March 18, 2009

OK, we already knew that Glenn Beck is an ignoramus about economics. Last night, in a brief guest appearance on Bill O'Reilly's show, Beck let slip that he's an ignoramus about political ideologies.

Now, we've been saying for a long time that Beck is a right-wing populist; lately, a number of other observers have reached the same conclusion.

So Beck has been making special note of being called a populist, and in his guest appearance on The O'Reilly Factor, he talked about it:

Beck: The second thing is, is that -- you know, I was called -- who was it that called me today, "a populist"? I'm not a populist! I've been saying this stuff when it was unpopular! I've got news for you: It's still pretty unpopular!

O'Reilly, who is not an ignoramus, corrected him: Populism indeed is politics built on appeals to "the people," or more precisely, "a political strategy, in which a personalistic leader seeks or exercises government power based on direct, unmediated, uninstitutionalized support from large numbers of mostly unorganized followers." However, O'Reilly is quite incorrect when he says that being a populist means "you're not an ideologue": populists often are often highly ideological, but that ideology varies according to the precise brand of populism you're playing.

In any event, populism has nothing to do with being "popular." We know that Glenn's very popular right now, but really, that's not what we're talking about, big guy.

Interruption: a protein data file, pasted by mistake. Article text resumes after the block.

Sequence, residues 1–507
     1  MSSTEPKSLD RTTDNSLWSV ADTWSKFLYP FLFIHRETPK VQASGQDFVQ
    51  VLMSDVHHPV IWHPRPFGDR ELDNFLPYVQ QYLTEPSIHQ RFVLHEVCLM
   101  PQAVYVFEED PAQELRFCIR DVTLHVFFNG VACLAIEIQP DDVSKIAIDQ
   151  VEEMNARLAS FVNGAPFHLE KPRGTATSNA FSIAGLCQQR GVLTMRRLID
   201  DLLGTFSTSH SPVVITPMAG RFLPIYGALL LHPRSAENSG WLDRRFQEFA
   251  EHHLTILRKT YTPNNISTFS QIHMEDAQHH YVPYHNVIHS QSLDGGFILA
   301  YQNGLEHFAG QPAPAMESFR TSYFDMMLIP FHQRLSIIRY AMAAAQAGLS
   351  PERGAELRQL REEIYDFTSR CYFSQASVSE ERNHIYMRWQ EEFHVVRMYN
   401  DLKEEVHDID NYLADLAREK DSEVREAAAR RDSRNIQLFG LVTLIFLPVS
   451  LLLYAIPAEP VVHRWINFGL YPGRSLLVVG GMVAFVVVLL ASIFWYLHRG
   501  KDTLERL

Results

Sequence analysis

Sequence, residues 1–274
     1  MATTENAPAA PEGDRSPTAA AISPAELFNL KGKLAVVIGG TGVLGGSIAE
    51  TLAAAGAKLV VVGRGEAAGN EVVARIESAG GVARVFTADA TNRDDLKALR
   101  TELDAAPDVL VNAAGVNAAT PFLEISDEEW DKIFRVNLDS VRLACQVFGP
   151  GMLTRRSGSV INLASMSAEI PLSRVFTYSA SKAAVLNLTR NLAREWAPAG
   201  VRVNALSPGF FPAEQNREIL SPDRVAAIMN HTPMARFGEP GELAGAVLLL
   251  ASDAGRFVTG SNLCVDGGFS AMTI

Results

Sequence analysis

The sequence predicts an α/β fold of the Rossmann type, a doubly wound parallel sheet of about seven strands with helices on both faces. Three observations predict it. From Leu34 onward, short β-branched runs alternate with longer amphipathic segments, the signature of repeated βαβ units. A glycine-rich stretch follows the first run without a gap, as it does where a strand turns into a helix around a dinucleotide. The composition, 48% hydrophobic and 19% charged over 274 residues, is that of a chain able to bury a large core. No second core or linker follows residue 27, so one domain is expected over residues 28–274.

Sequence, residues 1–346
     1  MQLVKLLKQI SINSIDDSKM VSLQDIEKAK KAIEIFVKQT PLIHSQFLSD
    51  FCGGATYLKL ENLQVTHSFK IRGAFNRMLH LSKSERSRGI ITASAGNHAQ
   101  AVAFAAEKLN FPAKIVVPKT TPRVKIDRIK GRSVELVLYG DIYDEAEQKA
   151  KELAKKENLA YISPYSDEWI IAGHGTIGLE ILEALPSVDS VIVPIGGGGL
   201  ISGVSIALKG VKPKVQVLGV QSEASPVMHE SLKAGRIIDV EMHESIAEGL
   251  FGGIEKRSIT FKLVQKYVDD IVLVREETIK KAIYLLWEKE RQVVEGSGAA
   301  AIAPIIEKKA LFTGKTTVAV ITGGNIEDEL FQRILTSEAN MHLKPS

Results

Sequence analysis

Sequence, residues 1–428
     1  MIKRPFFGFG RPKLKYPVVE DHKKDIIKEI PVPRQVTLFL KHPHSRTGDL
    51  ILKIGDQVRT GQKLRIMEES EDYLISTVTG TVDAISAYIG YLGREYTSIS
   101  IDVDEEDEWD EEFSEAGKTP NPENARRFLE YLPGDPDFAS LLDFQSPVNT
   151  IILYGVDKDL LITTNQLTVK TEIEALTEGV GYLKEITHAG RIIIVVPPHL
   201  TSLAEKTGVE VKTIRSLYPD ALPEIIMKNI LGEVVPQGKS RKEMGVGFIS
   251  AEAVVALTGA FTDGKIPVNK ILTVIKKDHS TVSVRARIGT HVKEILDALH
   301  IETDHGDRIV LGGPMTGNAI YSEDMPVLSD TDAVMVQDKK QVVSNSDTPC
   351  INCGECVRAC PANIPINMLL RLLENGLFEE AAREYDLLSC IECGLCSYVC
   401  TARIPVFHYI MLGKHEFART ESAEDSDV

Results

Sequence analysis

So he's an ignoramus on both economics and political ideology. Ignorance, obviously, is no barrier for Glenn Beck when it comes to opening his yaw and emitting gaseous nostrums.

After all, this is the same guy who's been complaining that Obama is a "socialist" and a "communist" and that we're destroying America in the process. Like he has any conception what those terms mean, either.

Indeed, it makes me wonder: Beck has had on his friend Jonah Goldberg several times and has openly plumped Goldberg's Liberal Fascism as a book that everyone should read.

The major wheel of Goldberg's thesis in that book, however, is his contention that because fascism is a species of populism, it is thus by nature inherently a left-wing creature. He spends a great deal of time connecting fascism up with populism, particularly progressive populism.

Of course, as I've pointed out several times, it's a completely bogus thesis, since right-wing populism has been around almost as long as populism itself (the most obvious pre-fascist examples being Bacon's Rebellion, the Know-Nothings, and the Ku Klux Klan).

Indeed, Goldberg so completely screws up the meaning that I suppose it would be possible for someone to have read his book and still not understand what the hell a populist actually is.

Exhibit A: His buddy Beck.

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